Welcome everyone this year’s Hop Against Homophobia and Transphobia. On May 17, we commemorate International Day Against Homophobia and Transphobia. This is a day, that someday, and I hope in my lifetime, we should never have to address every year. There will come a day where we will celebrate our differences and our loves. I keep hoping.
My story this year is about something that I’m just now getting around to addressing. Or I should say, I’ve always talked about it, just not publicly like I have been in bits and pieces.
Last year, I discussed my first girlfriend, and how I came out amid Matthew Shepard’s death. I had mentioned in a vague line, it didn’t work out for us. This is how it didn’t work out for us.
Domestic violence between straight couples are fairly easy to grasp. There are never any questions asked. The victim and perpetrator are never put under put under a microscope about their living arrangements, or marriage, or if they were “just friends.”
Only, it’s when things get tricky for straight couples when it’s a woman that’s the perpetrator of violence. Because how could a woman beat a man? It’s after all just a woman! Good to know modern-day sexism is alive and well.
This was my case. I always say the first five years of my relationship with my girlfriend was Camelot, the last five years was a hell on earth like no other.
The first time she hit me, it was an accident. Or so I’m making myself think to this day. She was telling a joke she had gotten animated about, and smacked me across the face. My glasses had fallen to the floor from the blow. I was stunned but I laughed, she freaked out and apologized profusely.
But over time, she stopped saying she was sorry, and she hit again. And again. And again.
She and I worked together, and I would go in numbed and timid from a night of her taking a round on me. Covered in bruises and scratches on my face. My glasses had been so broken and bent up I spent time and again repairing them into looking like something functional. Our friends that happened to be store regulars would ask me what happened to me. We’d laugh. Because it was funny. We had a fight and it was silly and it was funny and it was nothing.
To say I was in an awkward spot is nothing, to say I was trapped was closer to the truth. We were “just roommates” at work, and I was convinced I couldn’t ask anyone for help. I ran it over and over in my head. What would they say?
“What do you mean she’s beating you?”
“Wait. You’re lesbians?”
“What do you mean a woman is beating you?”
“Women don’t hit!”
Yes. Women don’t hit. Let that roll over in your mind.
I escaped that relationship and had lost all of my friends and believed it was my fault. Isn’t that the grand bitch of it all. Thinking you, the victim, had done something to set her off. I didn’t need victim blaming. I did it to myself!
But this happens every day and this happens still. Men and women in same-sex relationships involving domestic violence rarely go to the ER for a broken bone. Because they’re afraid of having their orientation discovered. And the unending probing questions. And lesbians getting a rape kit done when they don’t need a rape kit. And then if you’re not out to your family? How do you explain that black eye? Or those fingerprints around your neck?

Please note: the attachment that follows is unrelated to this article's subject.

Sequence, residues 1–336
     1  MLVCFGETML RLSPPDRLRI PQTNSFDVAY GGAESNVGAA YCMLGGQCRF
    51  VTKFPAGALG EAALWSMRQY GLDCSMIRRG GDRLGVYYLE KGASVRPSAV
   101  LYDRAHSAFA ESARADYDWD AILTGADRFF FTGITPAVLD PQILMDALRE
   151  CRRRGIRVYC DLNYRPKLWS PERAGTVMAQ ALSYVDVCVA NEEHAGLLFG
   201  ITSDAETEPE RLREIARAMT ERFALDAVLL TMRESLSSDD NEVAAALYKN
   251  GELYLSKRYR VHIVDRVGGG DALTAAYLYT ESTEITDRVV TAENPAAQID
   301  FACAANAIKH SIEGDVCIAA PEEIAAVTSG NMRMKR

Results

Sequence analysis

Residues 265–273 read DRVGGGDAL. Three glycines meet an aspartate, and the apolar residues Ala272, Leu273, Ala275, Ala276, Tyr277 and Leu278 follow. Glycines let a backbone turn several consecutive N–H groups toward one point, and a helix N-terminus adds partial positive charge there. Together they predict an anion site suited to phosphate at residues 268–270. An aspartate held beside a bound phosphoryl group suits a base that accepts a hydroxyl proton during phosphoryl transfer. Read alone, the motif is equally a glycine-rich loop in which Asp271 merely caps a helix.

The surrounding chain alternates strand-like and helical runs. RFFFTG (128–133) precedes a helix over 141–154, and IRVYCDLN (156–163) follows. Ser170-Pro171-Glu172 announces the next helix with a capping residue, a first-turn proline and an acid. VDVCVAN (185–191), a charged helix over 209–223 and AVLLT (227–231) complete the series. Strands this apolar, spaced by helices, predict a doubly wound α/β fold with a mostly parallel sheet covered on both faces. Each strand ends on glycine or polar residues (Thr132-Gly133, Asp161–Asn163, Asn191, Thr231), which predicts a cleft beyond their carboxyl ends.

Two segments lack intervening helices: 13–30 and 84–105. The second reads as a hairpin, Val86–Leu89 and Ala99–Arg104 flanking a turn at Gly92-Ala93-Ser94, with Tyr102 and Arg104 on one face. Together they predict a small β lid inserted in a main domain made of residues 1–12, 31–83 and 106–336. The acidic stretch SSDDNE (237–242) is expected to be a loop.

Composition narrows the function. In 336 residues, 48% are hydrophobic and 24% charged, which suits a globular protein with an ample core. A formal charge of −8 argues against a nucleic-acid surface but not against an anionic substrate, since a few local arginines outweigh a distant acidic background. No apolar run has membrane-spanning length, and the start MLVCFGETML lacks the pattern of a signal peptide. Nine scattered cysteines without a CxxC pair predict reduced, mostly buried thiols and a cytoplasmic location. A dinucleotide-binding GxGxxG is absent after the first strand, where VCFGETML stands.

Welcome to my world, welcome to today’s world.
In my upcoming release, Chasing Sunrise, the first book of the Darkmore Saga, tells the story of vampire king Sevon Maraté. He himself is trapped in an abusive relationship. As a king, a ruler of a country, he is conflicted with who he can trust in his own palace as his lover has allies not only in the kingdom, but the kingdoms beyond. Sevon is terrified with the thoughts if he leaves the relationship, how will he survive? On top of that, how will his people with their allies severing all ties?
Despite Chasing Sunrise having a “pretty, pretty vampire and shifter wrapping” as I like to call it, at its core, it is a very serious story about domestic violence that I hope all others can identify with. My hope for the Darkmore Saga series is to help others. For those that are in a domestically abusive relationship, or those that know someone who is. To help victims and loved ones that they too can “chase the sunrise” and see the light again.
In fact, I’m doing my part. Through Dreamspinner Press, 100% of the pre-sale royalties for Chasing Sunrise is going to the LA Gay and Lesbian Center Domestic Violence Service.
While Chasing Sunrise is not available for pre-sale just yet, for my HAHAT giveaway, I am offering a print edition of Chasing Sunrise when it becomes available. The novel will be personally singed by me, and you will likewise get a rad box o’ swag!
To enter all you need to do is leave a comment with a message of hope to those out there suffering from domestic violence. Let’s populate this post with messages of encouragement and hope! Leave an email where I can reach you! The giveaway is only open to US Residents.
The Winner will be announced on May 26th!
Thank you. And never stop reaching for the light.